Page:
In Special Operations Forces selection they used to have a saying:
“Finish out today and quit tomorrow.”
SOF selection is essentially a system of heavy-duty hazing, ruthlessly tormenting a bunch of people until most of them drop out.
During this intensive process, it’s so tempting to tell yourself:
The run is too far. The water is too cold. My arms are too weak to do one… more… pushup… unnnggghh.
It’s so tempting to tell yourself: It doesn’t matter. It’s not worth it. Nothing is worth this pain or boredom.
So what’s the secret to staying the course?
Later, that is.
The promise made to never quit in the middle of something. At least, wait until the end of the day, when the intensity of the moment had passed.
The carrot of quitting dangled enticingly in front. A little treat, the promise of eventual relief to keep going. It was just a little farther away.
Of course, at the end of the day, you’d look back on the incident that had made you want to quit — realize it wasn’t so bad — and feel good about our decision to continue.
Invariably, this simple trick would pull everyone through.
No one quit today. And every one made it through selection.
The small, seemingly unimportant decisions we make in the moment can have far-reaching consequences for the kind of body we get (and the kind of people we become).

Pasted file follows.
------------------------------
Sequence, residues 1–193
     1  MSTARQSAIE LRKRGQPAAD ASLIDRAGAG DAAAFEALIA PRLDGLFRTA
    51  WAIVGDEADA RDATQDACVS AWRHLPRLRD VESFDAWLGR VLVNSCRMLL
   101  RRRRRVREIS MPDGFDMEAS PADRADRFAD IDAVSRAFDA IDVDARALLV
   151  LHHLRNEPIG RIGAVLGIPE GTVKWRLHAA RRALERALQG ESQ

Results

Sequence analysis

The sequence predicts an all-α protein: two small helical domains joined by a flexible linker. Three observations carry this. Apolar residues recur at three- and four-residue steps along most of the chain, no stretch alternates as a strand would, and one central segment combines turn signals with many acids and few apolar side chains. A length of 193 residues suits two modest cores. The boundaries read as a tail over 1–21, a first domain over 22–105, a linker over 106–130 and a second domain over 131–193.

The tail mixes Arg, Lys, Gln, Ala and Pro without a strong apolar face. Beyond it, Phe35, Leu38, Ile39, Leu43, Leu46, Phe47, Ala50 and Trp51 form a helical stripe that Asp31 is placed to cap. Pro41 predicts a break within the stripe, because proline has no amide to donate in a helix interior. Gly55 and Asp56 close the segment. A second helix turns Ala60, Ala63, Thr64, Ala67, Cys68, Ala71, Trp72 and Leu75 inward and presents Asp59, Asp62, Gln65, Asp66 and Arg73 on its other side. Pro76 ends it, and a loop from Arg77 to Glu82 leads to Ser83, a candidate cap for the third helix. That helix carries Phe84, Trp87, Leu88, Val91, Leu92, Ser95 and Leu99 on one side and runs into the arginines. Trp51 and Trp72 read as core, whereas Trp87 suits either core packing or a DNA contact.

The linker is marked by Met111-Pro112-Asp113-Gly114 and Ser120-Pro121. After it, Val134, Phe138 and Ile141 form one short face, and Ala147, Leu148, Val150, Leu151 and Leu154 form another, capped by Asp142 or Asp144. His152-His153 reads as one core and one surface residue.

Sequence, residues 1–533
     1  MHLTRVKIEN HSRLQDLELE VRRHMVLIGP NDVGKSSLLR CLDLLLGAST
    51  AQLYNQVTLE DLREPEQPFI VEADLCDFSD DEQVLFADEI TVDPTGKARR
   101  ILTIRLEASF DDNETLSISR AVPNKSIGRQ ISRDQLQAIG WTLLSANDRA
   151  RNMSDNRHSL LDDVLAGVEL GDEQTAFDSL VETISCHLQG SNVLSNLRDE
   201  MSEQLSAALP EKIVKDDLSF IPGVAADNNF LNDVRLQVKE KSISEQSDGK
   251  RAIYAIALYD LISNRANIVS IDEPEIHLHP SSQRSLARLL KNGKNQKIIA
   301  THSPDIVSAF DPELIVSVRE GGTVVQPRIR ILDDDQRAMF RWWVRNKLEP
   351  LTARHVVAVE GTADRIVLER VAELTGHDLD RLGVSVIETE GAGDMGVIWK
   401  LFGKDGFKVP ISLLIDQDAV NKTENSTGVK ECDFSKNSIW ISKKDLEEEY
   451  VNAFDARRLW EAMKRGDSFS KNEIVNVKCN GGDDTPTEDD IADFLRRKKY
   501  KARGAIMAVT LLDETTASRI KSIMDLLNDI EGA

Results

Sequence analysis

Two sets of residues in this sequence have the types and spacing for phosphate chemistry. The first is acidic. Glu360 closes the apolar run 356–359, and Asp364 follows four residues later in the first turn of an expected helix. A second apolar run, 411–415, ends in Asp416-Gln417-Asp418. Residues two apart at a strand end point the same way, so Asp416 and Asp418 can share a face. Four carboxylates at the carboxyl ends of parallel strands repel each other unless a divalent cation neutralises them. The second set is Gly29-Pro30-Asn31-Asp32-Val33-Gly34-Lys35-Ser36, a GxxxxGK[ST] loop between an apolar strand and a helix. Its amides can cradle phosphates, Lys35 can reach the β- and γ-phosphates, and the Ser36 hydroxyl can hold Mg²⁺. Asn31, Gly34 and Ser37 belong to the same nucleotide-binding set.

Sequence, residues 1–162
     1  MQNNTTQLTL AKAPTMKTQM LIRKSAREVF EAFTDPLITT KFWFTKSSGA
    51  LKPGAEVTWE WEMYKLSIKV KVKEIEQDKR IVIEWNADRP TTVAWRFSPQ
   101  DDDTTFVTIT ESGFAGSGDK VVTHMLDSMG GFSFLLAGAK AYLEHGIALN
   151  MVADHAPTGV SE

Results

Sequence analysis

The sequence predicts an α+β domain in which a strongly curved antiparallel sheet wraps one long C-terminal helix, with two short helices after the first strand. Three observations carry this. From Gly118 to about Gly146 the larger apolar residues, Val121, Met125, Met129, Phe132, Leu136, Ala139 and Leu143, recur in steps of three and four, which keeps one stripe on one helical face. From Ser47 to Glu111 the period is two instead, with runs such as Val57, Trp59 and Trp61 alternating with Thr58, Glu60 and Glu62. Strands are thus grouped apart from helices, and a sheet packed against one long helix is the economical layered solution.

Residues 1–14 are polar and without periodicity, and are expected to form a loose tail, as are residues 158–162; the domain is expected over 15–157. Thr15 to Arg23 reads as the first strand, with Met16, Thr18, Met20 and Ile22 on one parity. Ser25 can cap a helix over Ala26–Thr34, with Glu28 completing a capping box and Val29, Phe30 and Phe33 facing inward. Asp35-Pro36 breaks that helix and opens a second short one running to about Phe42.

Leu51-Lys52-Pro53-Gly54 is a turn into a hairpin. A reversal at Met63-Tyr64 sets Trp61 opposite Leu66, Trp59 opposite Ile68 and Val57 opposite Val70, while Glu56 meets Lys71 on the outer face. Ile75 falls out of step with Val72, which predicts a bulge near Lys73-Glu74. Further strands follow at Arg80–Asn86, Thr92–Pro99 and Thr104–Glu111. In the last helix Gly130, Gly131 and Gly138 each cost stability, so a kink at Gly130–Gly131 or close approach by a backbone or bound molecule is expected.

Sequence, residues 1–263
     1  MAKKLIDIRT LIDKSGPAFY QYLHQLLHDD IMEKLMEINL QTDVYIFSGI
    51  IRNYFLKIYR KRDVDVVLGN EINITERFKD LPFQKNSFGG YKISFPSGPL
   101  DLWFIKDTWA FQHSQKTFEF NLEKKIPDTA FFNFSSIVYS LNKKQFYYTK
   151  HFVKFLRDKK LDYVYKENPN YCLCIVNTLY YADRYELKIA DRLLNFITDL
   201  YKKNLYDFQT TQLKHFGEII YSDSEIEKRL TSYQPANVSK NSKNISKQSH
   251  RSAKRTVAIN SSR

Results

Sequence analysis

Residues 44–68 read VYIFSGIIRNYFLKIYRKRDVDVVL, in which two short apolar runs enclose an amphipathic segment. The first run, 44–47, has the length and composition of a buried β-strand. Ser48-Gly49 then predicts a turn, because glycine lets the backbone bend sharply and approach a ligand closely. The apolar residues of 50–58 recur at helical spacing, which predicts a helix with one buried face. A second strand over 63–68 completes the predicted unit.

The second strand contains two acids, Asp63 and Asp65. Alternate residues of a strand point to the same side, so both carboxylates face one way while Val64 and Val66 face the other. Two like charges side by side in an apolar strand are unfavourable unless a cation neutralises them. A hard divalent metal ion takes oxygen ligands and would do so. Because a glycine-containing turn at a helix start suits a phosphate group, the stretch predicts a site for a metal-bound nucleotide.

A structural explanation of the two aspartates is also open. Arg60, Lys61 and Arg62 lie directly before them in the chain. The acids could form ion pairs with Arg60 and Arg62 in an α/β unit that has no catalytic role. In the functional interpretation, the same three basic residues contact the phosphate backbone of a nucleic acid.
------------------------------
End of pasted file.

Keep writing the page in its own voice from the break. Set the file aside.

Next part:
That’s why it’s so important to pause and think before we act. To finish out today and “quit tomorrow.”
The Opposite Rule
Remember the Opposite Rule?
If what you’re doing isn’t working, try the opposite.
(Ridiculously simple, we know. But it works.)
Most of us have told ourselves: I’ll start
“Starting tomorrow” — while it’s a great way to begin — also often lets us justify poor decisions today.
So what about trying the opposite?
Instead of “Start tomorrow”, how about: “Quit tomorrow”?
Act today; quit tomorrow
In 626 Nutrition Coaching, we tell you to keep it simple, do-able and as easy as possible.
But sometimes, things will be tough. You will feel resistance.
You’re going to have moments of weakness when you want nothing more than a bag of chips or a package of Twinkies. Days when you can barely drag yourself to the gym.
It’s OK and normal to feel that. You can’t control your instinctive emotional response.
But you can control what you choose to do.
So, when you want to give up: Quit tomorrow.
Nourish yourself with healthy food today. Get yourself to the gym and do that set today.
And tomorrow, if you want that Pop Tart or you need a rest, go ahead and take it.
But I’m betting the urge to quit will be gone.
Instead, when tomorrow dawns, you’ll feel just a bit healthier, a little less dependent on sugar, a little stronger.
You’ll be 1% better. And one step closer to your goals.